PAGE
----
Allied with these developments at EU level, there is evidence of a marked shift in labour market policies towards enhancing women's participation in the labour market on an equal basis. The Luxembourg Jobs Summit of 21 November 1997 took an important step in this regard by making the promotion of equal opportunities between women and men one of the four pillars of the 1998 guidelines for employment. The three other pillars are boosting entrepreneurship, enhancing the employability of the unemployed and creating an adaptable workforce. A significant element in Ireland's employment policies between now and the year 2000 will be the development of a national infrastructure for childcare. Partnership 2000 commits the Department of Justice, Equality and Law Reform to developing a strategy for the delivery of childcare with other interests and to devising a national framework for the development of the childcare sector. Work has commenced on this project and it is expected to be completed during the life of the partnership.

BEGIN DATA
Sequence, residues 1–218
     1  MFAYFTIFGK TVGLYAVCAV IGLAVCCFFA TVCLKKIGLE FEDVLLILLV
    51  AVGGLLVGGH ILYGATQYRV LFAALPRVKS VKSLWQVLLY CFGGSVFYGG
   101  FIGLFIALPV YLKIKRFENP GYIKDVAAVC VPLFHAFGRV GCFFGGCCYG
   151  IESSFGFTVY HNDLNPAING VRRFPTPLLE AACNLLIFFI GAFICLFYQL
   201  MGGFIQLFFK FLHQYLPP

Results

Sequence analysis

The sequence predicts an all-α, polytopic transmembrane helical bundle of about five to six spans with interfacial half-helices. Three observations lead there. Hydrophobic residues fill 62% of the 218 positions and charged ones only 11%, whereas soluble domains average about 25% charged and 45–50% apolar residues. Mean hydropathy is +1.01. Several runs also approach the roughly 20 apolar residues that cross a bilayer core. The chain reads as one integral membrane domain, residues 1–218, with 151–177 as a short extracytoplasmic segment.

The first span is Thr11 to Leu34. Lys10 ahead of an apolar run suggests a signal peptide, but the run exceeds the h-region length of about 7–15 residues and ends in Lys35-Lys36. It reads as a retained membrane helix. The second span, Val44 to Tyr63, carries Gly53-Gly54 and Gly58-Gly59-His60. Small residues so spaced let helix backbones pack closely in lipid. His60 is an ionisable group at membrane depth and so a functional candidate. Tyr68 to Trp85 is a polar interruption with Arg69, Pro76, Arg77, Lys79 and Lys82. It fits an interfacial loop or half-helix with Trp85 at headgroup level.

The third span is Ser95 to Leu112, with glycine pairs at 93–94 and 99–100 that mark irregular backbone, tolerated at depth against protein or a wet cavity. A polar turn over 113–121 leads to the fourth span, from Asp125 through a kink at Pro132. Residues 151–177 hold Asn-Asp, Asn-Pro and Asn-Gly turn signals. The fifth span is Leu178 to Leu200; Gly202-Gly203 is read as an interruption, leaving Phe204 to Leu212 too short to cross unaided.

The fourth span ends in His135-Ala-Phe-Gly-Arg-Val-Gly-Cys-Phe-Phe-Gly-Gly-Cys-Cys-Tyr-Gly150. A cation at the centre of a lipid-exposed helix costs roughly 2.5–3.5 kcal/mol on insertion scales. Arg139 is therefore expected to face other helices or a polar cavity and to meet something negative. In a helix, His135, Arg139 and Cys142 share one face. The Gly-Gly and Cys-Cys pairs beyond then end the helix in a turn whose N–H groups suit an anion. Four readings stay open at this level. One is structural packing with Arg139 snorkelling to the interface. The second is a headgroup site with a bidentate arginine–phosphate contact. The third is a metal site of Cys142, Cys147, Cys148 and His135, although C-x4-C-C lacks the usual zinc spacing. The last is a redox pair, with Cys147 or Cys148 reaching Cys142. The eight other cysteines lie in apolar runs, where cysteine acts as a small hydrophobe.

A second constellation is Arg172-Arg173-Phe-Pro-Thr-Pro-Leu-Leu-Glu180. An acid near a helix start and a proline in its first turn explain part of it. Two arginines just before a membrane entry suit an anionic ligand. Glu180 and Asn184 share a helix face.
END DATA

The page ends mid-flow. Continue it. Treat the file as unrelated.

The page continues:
These developments are taking place EU wide against a backdrop of demographic projections for Europe which show an ageing population profile well into the next century. An EU Commission report in 1997 predicted that, from about 2010 onwards, the proportion of those in the higher age range of the working population aged 55 to 64 years would exceed those aged 20 to 29 years. With a declining working age population, it is clear that there will be more employment opportunities in the labour market and that increasing numbers of these opportunities will be taken by women.